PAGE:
This prompts me to review briefly the conditions and events preceding the war. The establishment of the German Empire in 1871 put an end to the old disunity, by consolidating its races. The German Empire acquired that position in Europe which corresponds to its economic and cultural achievements and the aspirations founded thereon. Bismarck crowned his work by the alliance with Austria. This was a purely defensive alliance; in the course of a decade, not even the slightest idea of its abuse for aggressive purposes ever appeared, but often danger threatened the unity of the Central [Page 40] Powers from enemy coalitions. The dream of coalitions became a reality through King Edward’s encirclement policy. The rising and [growing] German Empire stands in the way of English imperialism and this British imperialism found great assistance in the French idea of revenge and in Russian expansion efforts, and thus conditions dangerous to us were prepared.
The geographical situation of [Germany] has always presented us with the danger of war on two fronts. Now that danger grew ever more clearly. An alliance was formed between Russia and France and the two partners to this alliance had a combined population double those of the German Empire and Austria-Hungary together. Republican France lent Czarist Russia thousands of millions for the development of strategic railways in the Kingdom of Poland, and these railways were intended to facilitate the assembly of force against us. The French Republic summoned every last man to three years’ service with the colors. Thus side by side with Russia, France organized for herself an armament which reached the very limit of her capacity. Both countries were pursuing objectives which our opponents would now describe as imperialist. It would have been neglect of duty had Germany quietly looked on at this game; if we had not also endeavored to build up armaments to protect ourselves against future enemies. Perhaps I may recall to your attention that as a member of the Reichstag I frequently spoke of these matters and pointed out at the time of new appropriations for armament that the German people in voting these appropriations merely wished to carry on a policy of peace.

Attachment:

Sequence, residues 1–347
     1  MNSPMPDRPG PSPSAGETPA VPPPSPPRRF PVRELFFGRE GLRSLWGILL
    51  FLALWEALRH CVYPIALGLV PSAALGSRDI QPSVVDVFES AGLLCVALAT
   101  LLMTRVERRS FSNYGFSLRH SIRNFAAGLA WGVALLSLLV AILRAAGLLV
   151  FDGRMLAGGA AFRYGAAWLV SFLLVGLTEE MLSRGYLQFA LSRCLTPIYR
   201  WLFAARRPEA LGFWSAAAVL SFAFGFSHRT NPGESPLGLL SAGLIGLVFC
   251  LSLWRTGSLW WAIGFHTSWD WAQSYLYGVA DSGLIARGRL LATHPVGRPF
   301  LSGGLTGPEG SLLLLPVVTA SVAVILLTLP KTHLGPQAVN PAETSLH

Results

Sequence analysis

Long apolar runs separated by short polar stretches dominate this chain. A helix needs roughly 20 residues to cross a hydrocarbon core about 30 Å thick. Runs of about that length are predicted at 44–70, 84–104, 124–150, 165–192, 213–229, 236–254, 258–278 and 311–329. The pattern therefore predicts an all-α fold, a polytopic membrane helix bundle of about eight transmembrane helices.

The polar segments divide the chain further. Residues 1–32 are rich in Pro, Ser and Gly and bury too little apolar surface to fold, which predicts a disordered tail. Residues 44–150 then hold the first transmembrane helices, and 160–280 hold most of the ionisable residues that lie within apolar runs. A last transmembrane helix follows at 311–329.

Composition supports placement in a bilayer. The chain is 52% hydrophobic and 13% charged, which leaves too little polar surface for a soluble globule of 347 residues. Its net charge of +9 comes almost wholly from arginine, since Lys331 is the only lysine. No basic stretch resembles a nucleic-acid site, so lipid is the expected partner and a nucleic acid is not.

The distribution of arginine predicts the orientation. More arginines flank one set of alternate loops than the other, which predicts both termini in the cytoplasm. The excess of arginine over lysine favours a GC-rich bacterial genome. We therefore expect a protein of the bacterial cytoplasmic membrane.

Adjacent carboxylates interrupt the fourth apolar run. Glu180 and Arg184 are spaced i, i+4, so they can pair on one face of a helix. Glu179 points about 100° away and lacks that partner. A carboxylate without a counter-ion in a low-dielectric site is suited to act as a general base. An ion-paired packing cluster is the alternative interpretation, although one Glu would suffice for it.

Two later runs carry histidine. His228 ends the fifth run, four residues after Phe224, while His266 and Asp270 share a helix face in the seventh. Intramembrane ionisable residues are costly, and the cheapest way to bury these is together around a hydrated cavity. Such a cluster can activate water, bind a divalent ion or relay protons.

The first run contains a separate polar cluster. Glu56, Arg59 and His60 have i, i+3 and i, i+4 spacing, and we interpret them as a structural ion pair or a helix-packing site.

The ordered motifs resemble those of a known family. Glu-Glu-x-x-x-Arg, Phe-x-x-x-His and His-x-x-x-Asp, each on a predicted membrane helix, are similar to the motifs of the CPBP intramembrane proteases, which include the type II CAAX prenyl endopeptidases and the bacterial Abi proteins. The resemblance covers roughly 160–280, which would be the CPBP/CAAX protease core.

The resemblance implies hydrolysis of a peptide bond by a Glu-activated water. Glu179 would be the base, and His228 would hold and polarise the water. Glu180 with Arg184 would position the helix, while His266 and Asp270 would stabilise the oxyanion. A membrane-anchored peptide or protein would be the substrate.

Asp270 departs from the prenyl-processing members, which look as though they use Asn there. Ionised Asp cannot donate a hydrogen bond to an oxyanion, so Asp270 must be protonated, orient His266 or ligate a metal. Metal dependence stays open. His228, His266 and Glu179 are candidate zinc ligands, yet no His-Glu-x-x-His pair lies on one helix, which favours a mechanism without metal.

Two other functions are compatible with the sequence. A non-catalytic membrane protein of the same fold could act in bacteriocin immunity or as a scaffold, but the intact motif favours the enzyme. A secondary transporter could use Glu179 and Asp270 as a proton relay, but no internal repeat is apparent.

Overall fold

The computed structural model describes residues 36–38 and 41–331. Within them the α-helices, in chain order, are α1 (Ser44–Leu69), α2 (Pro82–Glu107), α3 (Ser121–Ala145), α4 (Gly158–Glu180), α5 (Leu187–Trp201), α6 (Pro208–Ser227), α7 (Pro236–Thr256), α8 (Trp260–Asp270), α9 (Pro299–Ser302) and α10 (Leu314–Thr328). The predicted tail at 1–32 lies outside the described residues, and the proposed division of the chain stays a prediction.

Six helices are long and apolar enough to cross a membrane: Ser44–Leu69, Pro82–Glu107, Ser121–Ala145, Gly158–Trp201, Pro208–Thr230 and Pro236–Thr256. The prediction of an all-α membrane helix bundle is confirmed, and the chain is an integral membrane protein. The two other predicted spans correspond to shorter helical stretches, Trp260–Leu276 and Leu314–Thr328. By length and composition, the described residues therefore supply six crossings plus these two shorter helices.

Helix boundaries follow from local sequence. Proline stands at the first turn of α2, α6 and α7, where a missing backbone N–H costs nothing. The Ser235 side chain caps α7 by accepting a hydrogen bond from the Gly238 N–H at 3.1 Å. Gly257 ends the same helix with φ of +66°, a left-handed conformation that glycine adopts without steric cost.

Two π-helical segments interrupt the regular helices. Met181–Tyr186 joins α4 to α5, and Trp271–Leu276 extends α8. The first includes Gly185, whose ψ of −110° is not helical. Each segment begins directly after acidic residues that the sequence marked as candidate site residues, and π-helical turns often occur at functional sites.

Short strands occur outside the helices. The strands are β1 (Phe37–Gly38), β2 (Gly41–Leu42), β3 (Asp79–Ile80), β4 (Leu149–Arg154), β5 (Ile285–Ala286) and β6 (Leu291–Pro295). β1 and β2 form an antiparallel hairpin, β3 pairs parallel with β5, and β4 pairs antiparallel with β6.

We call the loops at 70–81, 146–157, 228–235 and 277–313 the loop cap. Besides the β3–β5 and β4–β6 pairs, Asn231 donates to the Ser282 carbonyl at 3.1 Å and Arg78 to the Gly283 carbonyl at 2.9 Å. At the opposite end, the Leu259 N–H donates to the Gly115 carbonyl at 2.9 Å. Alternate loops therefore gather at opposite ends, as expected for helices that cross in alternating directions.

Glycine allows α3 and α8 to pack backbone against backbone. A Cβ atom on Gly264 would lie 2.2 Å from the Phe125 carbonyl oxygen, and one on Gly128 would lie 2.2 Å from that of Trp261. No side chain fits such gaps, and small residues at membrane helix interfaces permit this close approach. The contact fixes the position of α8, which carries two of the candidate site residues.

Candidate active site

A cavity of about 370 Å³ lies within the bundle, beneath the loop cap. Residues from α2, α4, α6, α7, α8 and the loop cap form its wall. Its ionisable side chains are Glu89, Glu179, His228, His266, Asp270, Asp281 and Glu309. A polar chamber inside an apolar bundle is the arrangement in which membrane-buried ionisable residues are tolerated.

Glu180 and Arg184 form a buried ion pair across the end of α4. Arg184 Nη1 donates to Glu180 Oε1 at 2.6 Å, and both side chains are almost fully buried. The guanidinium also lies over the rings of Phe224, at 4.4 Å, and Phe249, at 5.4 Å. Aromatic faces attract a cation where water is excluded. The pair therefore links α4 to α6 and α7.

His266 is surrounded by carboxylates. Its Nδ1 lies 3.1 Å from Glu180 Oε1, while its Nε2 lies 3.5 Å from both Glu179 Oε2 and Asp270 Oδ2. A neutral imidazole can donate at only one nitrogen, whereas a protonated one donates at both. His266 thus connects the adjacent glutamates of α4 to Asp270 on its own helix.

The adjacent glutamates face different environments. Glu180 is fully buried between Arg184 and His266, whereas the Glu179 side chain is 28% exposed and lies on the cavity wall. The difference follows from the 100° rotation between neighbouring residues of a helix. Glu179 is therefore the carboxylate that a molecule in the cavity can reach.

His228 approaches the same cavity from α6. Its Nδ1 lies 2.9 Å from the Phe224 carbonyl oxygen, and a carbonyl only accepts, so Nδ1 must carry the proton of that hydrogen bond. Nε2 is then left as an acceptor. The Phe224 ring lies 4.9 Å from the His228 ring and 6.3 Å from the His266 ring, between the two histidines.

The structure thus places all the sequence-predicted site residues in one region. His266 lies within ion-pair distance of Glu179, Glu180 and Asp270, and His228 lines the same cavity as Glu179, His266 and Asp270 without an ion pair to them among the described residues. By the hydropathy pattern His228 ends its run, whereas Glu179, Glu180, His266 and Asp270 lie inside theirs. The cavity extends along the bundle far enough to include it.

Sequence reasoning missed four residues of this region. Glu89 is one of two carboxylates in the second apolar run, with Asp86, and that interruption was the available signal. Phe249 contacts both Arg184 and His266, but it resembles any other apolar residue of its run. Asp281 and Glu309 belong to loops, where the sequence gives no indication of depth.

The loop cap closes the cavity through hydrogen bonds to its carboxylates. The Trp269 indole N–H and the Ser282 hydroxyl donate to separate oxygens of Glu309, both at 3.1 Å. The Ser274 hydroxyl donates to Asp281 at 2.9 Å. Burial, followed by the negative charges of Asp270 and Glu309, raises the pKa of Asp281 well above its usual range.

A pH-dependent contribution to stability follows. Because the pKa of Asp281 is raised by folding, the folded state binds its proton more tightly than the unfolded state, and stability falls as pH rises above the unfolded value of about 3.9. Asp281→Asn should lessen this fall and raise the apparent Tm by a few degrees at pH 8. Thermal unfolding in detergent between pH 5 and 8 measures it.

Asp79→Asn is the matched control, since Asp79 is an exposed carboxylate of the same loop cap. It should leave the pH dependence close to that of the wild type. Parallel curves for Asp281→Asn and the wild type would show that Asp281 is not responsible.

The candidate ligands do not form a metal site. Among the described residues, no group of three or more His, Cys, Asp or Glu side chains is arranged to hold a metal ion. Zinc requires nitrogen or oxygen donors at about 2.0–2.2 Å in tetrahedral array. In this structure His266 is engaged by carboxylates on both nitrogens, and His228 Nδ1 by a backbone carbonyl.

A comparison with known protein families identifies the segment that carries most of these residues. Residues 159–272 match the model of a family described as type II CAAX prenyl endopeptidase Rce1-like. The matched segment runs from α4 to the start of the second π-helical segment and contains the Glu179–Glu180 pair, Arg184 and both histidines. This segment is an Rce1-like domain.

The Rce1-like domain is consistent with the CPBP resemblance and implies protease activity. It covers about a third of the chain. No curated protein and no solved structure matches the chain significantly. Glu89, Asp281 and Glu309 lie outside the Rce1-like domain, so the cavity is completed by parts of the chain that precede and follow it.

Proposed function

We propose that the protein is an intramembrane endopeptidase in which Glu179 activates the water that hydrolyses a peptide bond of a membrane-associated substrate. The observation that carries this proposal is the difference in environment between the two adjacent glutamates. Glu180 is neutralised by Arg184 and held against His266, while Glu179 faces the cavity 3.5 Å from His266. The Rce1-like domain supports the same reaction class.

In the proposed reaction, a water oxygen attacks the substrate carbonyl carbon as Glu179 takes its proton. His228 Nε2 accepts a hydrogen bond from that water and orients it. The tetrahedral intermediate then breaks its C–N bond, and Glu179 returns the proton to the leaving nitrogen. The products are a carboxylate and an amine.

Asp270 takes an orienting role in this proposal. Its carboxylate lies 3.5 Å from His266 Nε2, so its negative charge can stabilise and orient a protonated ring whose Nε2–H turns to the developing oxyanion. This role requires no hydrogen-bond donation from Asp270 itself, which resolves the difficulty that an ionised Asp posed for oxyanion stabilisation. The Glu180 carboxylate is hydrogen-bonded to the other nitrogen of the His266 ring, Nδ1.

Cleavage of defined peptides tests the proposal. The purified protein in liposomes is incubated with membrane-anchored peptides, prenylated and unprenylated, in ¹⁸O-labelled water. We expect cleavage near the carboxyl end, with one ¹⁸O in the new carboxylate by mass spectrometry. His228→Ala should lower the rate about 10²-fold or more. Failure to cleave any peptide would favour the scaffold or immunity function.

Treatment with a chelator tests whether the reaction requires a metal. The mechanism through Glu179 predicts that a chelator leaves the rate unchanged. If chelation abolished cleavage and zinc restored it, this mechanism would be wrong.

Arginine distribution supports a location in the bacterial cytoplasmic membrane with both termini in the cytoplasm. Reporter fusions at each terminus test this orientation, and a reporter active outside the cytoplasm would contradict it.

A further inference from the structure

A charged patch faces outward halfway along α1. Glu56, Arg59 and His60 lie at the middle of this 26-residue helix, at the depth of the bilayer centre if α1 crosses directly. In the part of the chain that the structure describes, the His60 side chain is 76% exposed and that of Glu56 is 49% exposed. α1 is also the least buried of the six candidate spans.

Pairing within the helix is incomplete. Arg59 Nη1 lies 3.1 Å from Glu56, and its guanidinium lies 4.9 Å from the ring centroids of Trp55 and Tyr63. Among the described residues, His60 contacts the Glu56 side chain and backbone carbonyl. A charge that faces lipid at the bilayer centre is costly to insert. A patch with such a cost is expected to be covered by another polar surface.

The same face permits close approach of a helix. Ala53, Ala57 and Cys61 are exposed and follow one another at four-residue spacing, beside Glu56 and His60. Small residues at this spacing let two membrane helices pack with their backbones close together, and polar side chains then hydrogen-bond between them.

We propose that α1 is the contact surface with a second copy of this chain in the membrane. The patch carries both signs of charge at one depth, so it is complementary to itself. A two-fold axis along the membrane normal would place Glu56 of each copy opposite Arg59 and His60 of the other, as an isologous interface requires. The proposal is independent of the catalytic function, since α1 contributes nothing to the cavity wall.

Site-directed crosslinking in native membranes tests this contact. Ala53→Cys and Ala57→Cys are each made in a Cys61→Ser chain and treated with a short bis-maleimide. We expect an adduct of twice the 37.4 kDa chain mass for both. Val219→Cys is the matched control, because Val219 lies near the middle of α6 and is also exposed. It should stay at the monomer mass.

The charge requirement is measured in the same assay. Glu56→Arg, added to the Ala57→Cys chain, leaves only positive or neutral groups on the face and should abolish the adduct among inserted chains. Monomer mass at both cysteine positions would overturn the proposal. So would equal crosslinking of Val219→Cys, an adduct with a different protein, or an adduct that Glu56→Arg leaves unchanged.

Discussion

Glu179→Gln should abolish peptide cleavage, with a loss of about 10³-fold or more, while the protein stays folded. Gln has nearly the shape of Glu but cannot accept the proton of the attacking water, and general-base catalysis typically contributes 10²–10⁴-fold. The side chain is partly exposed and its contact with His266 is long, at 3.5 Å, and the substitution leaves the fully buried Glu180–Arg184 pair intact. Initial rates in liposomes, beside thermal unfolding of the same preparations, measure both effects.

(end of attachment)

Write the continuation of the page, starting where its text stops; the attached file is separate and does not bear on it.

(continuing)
And now as to Alsace-Lorraine. Lloyd George speaks again of the wrong done by Germany to France in 1871. As is well known, Alsace-Lorraine includes for the most part purely German territory detached from the German Empire by violence continued through centuries until in 1789 the French Revolution swallowed the last remnants. When we demanded in the war of 1870 the return of the strips of land torn from us, that was no conquest of foreign territory, but really what is today called disannexation, and this disannexation was expressly recognized by the French National Assembly, March 29, 1871, by a large majority. In England also the language used at that time was quite different from that of today. I can refer to a classical witness, Thomas Carlyle, who wrote in a letter to the Times in December 1870: “No nation has such a bad neighbor as Germany had in France during the past forty years. Germany would be crazy should she not think of erecting a frontier wall between herself and her French neighbor.” Recognized English papers spoke in the same sense.